On their debut album, the Reds prove themselves capable of kicking up as much of an urban art-rock ruckus as any band this side of Pere Ube.  What makes their jittery, raw-edges electronic sound so engaging is the clarity of their instrumental constructions and the solid simplicity of their song writing.  Though spending an hour with The Reds® may be the aural equivalent of assault and battery, you're likely to totter away from the scene of the crime humming their tunes.

Together for only two years, The Reds® have individual musical histories that considerably predate the New Wave movement with which the Philadelphia band is likely to be lumped.  So it's no surprise that some of Rick Shaffer's lead vocals contain echoes of Mick Jagger ("Talking" and "Lookout"), as well as Patti Smith and Tom Verlaine.  Whiffs of vintage psychedelia drift by too, and there's an almost Deep Purple-ish sense of raving riffery in the scorching "Watcha' Doin' To Me."  Shaffer's guitar, and Bruce Cohen's inventively nasty keyboards, meld into a single brutal drone in most cuts, with Jim Peters fat bass, and Tommy Geddes' monolithic drums punching the songs home.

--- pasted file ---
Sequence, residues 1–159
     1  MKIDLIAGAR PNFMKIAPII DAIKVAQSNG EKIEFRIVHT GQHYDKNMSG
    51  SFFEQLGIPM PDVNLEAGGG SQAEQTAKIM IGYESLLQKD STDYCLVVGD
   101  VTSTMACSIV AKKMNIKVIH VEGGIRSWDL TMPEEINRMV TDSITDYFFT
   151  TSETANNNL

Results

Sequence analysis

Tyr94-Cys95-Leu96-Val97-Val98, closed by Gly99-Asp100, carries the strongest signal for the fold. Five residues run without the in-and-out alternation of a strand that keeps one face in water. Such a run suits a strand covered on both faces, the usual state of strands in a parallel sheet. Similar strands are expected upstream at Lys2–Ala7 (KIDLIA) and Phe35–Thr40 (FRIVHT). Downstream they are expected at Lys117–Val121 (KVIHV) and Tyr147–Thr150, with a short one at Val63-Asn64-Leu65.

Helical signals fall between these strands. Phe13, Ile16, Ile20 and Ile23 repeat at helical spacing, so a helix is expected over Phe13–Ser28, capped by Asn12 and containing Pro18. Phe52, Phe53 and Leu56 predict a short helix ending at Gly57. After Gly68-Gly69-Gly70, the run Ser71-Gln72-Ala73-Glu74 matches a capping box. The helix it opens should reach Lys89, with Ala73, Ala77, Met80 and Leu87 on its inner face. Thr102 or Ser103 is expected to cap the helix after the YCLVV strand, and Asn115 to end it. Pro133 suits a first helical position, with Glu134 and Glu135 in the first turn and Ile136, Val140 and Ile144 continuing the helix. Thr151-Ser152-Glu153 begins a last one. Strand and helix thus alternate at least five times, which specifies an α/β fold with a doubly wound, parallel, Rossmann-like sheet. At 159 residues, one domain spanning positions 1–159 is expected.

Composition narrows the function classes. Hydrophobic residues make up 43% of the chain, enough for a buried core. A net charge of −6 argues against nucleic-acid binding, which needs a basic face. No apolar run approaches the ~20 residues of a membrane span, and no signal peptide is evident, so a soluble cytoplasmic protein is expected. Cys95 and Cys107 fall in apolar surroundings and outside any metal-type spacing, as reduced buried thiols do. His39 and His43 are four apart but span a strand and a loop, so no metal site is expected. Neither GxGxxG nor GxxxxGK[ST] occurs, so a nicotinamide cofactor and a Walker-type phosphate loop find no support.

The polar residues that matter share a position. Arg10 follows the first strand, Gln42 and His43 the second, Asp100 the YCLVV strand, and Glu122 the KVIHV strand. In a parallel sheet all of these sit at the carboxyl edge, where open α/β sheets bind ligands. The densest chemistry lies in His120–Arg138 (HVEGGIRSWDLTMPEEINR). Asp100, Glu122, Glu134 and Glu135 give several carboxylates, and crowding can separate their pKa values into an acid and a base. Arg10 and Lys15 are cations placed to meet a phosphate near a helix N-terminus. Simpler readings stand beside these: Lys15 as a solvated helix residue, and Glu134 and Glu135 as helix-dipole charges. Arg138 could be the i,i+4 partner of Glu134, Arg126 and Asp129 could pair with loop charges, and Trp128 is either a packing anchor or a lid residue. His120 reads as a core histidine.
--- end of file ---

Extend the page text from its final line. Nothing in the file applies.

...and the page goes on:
The Reds don't have any obvious pop pretensions, but their music has a classic grabbiness that's all the more enjoyable because it's totally unexpected.  "Victims," the LP's opening thrasher sucks you right in with its straightforward four-note keyboard hook, while the plunkety riff in "Self Reduction" sticks like a well-aimed shiv.  Producer David Kershenbaum (who works with Joe Jackson) has captured the band's tense balance of aggression and amiability with commendable objectivity.  But these guys need no interpretive knob-twiddling to make their message clear.  If this record is any indication, a whole lot of people may soon be seeing Reds.

∎ Kurt Loder — Rolling Stone 1979